When working with plain CMS projects, you're mostly using the IContentLoader or IContentRepository interfaces to deal with content. When you add Commerce to your project, you will still be using these, but displaying a product with all its properties requires quite a bit more. Since you're now using MVC and proper IOC and dependency injections (of course you are!), here's a list of a few key services Commerce provides you with, that you can include in controllers or your own service classes:

  • ICurrentMarket and IMarketService lets you deal with the current market or other markets. This is relevant for getting prices, taxes and more.
  • ILinksRepository - lets you find relations between catalog nodes and entries. Remember that a catalog entry may have multiple parents, or be related to other entries.
  • IWarehouseRepository - get your warehouse data from this. Relevant if you are dealing with multiple warehouses.
  • IWarehouseInventoryService and IInventoryService - handle inventory. It might be nice to tell your users that the product is in stock.
  • IPriceDetailService and IPriceService provide prices for catalog entries.
  • ReferenceConverter lets you convert between a product's product code and proper content references.

In addition to these, there are (currently) a few important classes still implemented the old fashioned way which you might need: PaymentManager, ShippingManager and TaxManager.

Beyond PageData and Blocks!

In Commerce, you will be dealing with a few new "baseline entities". In the CMS you have PageData, MediaData and BlockData. Now you will also have ProductContent, VariationContent, BaseNodeCatalogData and more to represent your different products and categories.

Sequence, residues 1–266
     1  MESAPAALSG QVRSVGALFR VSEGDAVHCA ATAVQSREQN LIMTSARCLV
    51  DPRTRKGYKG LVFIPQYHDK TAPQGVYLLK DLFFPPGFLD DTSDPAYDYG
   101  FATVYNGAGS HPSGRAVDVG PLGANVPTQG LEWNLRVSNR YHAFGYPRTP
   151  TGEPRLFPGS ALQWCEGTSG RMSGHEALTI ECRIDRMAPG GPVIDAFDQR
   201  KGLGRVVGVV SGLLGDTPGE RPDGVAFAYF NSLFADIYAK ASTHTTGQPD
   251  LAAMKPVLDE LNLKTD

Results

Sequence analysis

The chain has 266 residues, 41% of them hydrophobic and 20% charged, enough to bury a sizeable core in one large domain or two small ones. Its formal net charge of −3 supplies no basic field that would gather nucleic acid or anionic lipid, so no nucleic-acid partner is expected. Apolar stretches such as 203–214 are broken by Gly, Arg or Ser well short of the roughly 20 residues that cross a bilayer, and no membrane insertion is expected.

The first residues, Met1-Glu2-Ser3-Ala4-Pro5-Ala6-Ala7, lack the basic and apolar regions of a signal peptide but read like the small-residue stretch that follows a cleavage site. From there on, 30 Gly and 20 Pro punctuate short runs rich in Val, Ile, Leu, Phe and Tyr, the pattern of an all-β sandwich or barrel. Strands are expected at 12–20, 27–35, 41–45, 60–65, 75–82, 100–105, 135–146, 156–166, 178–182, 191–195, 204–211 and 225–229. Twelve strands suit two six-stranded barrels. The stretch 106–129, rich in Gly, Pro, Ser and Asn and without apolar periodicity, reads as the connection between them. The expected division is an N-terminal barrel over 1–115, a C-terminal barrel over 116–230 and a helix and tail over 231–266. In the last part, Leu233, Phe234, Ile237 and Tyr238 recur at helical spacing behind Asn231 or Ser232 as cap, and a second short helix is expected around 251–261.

If you're going to be displaying i.e. multiple different product types in the same lists and treating them equally in some context, you will need to create clever inheritance hierarchies and interfaces to group them up. So basically just as in plain CMS projects, but with more variety in the base types you have. Especially menus and such that will include multiple types might become harder to implement. Expect to spend more time on trivialities like content lists or section pages.

Size matters

We all know this already. A Commerce Project will generally be larger than normal CMS projects. It will be integrated with more external services, and it will most likely contain more business logic than plain CMS sites to be dealt with.

Do keep this in mind - doubling the size of the code base, will probably more than double its complexity. In the long run, this will make even small changes noticeably slower to implement and test thoroughly. As these sites directly generate revenue for your customers, proper testing is an absolute must-have.

Keeping up to date

Now that EPiServer's continuously rolling out updates, you should set aside a few hours during your project simply to keep everything up to date. There are neat NuGet packages for both the CMS, Commerce and the Commerce Manager, but just upgrading and dealing with migrations, running database updates etc along the way does steal time. Staying up to date ensures you always have the latest fixes and features, and especially Commerce is getting a lot of love in every patch.

This blog post is part of the series EPiServer Commerce project essentials which will give you a few tips on how to plan your projects.